At heart, I am a story teller. But I believe that it takes more than words to tell a good story in business. Data can help to tell the story. Whether it is understanding an employee’s performance or looking at what pieces of content have driven the most engagement, data provides insights and imagery that can drive good decisions.
As an example, here is a post I wrote at work for my writing team:
Creative data showed me why I am trying to avoid Netflix this week
Data can be a scary thing for writers. It conjures up images of high school math and confusing Excel spreadsheets that no one can understand. It can be easy to brush it off.
“I’m a creative.” “I hate math.” “I don’t understand data.” Sometimes, even I have thought these things (don’t tell my husband).
But data can be creative. And it is not any more complicated or difficult than the things we typically write about for lawyers. To a person who works in data, information about workers’ comp laws and contract disputes conjure up the same feelings of horror we get when looking at formulas.
Data is just information you can play with
One of my favorite inspirations for the power of data is the web comic xkcd, created by Randall Munroe. He takes really interesting information and organizes it in fun ways for some of his comics. For example, he created a chart analyzing character interactions in some famous movies. He also compared water depths to give perspective on how deep the oceans are compared to sunken ships and animal movements.
He shows that data does not need to be only numbers. It can be any type of information. Analyzing that data is simply organizing it to get answers to your questions or to see things in a new light.
Why am I trying to watch less Netflix? Let’s play with the data and find out.
Last Saturday, I decided that I need to watch less Netflix. After binging a couple of shows on there, I was just tired of it. But why? What led me to that decision, after a long history of fun binge watching? The data might tell me.
I went into my Netflix account and copied the list of what I’ve watched. In your user account, Netflix gives about six months of streaming history, with dates of everything watched. A quick paste into Excel and the creation of a chart shows how many shows and movies I have watched each month:
But that doesn’t tell me anything. And it makes me look like a freak who watches too much stuff since Netflix episodes count as one item.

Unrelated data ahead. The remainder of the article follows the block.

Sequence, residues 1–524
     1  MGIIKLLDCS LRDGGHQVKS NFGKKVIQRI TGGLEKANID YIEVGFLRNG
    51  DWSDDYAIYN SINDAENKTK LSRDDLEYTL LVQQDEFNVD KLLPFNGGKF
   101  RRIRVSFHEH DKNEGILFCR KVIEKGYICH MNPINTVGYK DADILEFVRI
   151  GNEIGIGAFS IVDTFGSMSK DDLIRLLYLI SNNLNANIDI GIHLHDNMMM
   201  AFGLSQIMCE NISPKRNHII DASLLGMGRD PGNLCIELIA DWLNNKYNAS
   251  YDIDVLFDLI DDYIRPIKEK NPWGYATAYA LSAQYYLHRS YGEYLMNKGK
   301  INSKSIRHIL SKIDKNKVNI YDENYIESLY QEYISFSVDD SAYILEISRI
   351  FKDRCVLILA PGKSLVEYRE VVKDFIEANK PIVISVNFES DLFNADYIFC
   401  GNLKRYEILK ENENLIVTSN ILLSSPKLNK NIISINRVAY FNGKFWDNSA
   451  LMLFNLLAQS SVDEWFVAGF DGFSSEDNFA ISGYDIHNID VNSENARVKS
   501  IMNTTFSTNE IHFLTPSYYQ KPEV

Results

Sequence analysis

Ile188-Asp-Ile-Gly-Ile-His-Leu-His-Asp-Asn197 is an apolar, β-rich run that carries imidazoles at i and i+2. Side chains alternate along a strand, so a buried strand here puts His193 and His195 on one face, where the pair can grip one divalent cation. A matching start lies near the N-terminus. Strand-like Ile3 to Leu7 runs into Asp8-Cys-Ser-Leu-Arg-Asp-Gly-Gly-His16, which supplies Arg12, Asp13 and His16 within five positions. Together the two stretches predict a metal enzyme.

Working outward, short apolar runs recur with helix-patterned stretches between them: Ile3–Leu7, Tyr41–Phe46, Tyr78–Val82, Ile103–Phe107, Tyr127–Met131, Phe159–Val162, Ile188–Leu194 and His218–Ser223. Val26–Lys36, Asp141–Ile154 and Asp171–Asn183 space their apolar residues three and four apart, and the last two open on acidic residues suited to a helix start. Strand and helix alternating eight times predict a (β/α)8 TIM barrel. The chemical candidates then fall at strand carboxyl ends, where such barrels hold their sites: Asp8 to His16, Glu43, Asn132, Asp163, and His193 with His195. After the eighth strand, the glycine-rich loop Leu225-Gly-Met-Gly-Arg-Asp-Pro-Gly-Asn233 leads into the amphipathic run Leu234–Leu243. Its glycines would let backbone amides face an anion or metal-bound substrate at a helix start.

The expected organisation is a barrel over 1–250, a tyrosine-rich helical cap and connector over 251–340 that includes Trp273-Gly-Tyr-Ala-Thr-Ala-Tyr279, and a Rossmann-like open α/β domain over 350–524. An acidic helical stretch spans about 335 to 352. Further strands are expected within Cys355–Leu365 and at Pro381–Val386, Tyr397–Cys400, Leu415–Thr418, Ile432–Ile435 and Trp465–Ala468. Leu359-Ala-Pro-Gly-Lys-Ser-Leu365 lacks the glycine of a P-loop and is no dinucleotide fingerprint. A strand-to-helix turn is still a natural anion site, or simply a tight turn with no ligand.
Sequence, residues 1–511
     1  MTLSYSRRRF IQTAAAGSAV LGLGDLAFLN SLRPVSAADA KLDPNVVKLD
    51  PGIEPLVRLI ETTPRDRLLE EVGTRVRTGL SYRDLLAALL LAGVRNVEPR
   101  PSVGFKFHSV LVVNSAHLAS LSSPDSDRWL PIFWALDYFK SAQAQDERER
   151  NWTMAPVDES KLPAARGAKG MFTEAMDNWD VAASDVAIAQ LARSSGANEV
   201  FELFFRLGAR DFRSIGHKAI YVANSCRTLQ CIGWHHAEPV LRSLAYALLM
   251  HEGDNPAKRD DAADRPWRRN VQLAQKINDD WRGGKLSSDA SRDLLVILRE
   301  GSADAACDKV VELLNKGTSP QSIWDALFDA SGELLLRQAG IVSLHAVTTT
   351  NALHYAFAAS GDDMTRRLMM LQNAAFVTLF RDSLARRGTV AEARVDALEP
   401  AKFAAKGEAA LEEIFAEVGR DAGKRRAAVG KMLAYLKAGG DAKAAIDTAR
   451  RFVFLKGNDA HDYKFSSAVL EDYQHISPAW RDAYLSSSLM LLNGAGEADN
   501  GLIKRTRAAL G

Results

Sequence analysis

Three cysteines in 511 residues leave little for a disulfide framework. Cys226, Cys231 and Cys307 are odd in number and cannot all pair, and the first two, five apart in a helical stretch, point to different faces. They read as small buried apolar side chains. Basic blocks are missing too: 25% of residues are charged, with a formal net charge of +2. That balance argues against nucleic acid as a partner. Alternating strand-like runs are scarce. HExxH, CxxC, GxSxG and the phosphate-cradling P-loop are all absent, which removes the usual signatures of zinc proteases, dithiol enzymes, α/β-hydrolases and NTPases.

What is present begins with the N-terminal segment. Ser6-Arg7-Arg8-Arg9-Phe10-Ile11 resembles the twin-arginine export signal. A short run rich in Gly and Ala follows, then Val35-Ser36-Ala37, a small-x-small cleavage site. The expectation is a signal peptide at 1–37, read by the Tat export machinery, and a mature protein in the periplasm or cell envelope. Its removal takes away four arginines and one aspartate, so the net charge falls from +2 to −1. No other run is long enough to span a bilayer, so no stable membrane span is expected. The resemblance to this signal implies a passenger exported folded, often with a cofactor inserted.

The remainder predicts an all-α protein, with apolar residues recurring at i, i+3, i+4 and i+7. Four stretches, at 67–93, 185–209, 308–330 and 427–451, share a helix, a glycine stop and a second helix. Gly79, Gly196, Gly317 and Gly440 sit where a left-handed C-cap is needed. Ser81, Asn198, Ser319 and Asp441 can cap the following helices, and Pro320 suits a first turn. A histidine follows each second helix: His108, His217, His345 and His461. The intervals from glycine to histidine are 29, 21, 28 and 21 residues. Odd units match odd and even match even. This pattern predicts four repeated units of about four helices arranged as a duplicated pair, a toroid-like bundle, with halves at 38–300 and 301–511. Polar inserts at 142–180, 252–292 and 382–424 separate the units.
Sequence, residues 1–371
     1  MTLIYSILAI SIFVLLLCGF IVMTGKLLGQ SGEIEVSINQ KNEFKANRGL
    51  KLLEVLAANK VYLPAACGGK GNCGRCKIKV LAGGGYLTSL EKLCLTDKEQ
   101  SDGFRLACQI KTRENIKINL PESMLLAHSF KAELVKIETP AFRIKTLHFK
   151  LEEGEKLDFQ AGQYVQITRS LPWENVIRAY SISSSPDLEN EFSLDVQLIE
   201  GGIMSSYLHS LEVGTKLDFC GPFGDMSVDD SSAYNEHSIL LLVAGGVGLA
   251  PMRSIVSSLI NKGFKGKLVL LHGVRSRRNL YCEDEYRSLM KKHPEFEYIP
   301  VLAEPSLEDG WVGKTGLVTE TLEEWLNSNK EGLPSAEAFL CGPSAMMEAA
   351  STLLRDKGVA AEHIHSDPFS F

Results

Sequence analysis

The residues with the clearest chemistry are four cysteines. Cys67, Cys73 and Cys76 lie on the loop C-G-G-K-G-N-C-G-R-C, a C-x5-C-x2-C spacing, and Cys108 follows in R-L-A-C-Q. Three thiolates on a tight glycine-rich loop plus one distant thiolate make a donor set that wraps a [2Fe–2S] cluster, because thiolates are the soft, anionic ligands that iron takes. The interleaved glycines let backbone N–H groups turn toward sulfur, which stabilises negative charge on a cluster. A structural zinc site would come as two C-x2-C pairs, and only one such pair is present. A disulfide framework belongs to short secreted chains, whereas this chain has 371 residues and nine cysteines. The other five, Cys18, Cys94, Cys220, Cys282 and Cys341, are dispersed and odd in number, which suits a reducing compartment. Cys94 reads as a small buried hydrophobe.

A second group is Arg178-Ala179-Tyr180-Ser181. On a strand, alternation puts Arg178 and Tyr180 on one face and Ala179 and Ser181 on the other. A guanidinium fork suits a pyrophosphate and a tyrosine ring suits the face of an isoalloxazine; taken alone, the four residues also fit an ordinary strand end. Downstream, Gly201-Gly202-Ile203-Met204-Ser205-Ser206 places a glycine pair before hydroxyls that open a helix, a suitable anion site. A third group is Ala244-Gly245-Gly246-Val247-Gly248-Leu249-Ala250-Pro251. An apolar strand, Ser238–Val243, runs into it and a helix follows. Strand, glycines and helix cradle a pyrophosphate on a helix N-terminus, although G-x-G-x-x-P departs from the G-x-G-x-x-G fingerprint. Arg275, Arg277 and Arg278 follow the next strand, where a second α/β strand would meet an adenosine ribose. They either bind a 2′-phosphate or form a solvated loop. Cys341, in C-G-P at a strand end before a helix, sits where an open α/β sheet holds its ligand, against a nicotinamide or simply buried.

What if it is the things I am watching that have made me want to avoid TV? I added columns to my data and added information manually on whether I was watching a TV show, movie, documentary or comedy special.
That is a little better, but still doesn’t help. Though it does show that I watch a whole lot more TV shows than I thought I did on Netflix.
What about genres? I added a column to my data and logged the genre of everything:
Wow. That’s a lot of cartoons.
Yep. I watch a lot of horror movies. No surprises there.
What if I look at my watching by day and see if there was anything weird? I looked at the bursts on certain days. What happened in those bursts of watching when I look at the raw data?
Well, that’s funny. But it still isn’t what I want. So, I added another column and quickly rated the things I watched as good, bad or just meh.
That’s it! I can handle some bad things. I seem to binge on things I think are good. But the “good” stuff recently plummeted, and I have been seeing a lot of mediocre things on Netflix lately. That would do it.
And that is how I used data to figure out a possible reason why I want to watch less TV.
Want to learn to do what I did? It’s pretty easy. There are a million resources on the internet to learn how to manipulate data in Excel. For this, I created a spreadsheet with headers and cleaned up my data manually. Then, I used pivot tables and charts to play with the data I had. My thought process was exactly what I laid out above. I had a question, and I goofed around with my data until I got an answer that made sense.
Now my question for all of you: is there anything particularly “good” on Netflix that I should be watching? Apparently I need to start avoiding the shows that make me say, “Meh.”